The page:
COLUMBIA (AP) — South Carolina Gov. Henry McMaster wants to give back nearly a quarter of the state's almost $2 billion surplus through rebate checks based on how much tax someone pays and a five-year plan to cut income tax rates.
McMaster released his spending plan for next budget year on Monday, one day before lawmakers return for the 2020 session.
"We need to give as much of that money back to the taxpayers as we can. It is when the taxpayers spend their own money that the economy continues to grow," McMaster said at a news conference Monday.
The governor's plan on how that state spends the $10 billion under lawmakers' control isn't binding.
Legislators will have the final say.
But the governor's office said it worked closely with House and Senate leaders for a proposal that both highlights what McMaster thinks should be the state's priorities and has a good chance of staying in the spending plan through the five-month budget process.
The first item on the governor's 39-slide explanation of his plan is $425 million in tax cuts and rebates.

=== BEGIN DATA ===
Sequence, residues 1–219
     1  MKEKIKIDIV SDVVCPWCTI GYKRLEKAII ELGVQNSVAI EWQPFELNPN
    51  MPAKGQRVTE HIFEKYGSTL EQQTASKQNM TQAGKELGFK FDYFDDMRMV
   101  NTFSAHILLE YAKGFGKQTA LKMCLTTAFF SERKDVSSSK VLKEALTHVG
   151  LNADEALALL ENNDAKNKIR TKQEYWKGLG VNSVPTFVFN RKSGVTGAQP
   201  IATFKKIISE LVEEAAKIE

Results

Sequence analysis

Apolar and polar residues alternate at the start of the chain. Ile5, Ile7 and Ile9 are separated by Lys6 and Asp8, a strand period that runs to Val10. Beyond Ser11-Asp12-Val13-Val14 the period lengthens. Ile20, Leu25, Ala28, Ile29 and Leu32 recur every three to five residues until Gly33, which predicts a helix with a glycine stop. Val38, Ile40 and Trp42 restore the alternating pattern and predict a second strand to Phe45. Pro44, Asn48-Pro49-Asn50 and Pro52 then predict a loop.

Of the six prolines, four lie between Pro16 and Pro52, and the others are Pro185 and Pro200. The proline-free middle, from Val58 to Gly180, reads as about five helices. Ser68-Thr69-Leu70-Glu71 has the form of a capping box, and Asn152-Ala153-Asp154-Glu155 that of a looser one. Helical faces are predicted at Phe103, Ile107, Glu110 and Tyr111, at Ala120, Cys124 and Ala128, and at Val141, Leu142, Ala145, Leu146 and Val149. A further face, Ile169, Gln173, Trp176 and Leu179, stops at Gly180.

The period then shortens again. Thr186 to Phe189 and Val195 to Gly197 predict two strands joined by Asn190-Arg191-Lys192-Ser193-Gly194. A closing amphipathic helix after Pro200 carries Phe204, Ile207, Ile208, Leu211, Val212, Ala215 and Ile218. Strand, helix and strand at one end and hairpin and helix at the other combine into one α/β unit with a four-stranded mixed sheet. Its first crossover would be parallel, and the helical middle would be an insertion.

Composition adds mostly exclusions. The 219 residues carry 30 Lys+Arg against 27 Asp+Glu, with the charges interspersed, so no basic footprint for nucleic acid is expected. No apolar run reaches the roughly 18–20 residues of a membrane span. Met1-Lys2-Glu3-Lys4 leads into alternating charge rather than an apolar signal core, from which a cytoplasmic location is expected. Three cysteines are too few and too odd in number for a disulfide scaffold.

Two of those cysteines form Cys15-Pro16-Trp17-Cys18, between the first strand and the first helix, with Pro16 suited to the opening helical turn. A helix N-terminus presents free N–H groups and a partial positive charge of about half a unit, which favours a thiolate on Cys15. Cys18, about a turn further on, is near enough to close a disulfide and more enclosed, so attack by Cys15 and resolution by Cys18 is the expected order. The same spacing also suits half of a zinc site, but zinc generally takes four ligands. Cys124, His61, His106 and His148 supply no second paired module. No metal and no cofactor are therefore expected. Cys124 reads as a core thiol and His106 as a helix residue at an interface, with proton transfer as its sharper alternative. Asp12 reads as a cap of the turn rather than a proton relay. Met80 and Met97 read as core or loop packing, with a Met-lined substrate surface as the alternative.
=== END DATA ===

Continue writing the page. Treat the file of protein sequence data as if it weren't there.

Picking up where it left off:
McMaster wants $250 million to go toward rebates. Unlike the $50 checks that went to 1.2 million tax filers who paid at least that much in income tax late last year, the next round of proposed checks would be prorated.
The biggest taxpayer in the state would get $265,000 back. Next up would get $101,000 and on down the line to the $50 checks for people who put at least $50 into the government, according to the spending plan.
McMaster also wants to use the surplus to start a five-year tax cut to lower the state income tax rate for most filers from 7% to 6%. The cut would cost $160 million next budget year and eventually reach $2.5 billion by 2025.
If the state continues to tax its people too much even in the best of times, it will be like the fable of the man who killed the golden goose because of greed, the governor said.
"We have to give some of that back to the goose to keep the goose moving," McMaster said.
The governor's budget does include additional spending. But McMaster said it holds to his requirement that government only get involved in the critical needs of the people.
"We could always find things to spend money on. We could gold plate the dome if we wanted to. But that is not a critical need," McMaster said.
Other highlights of McMaster's budget released Monday include:
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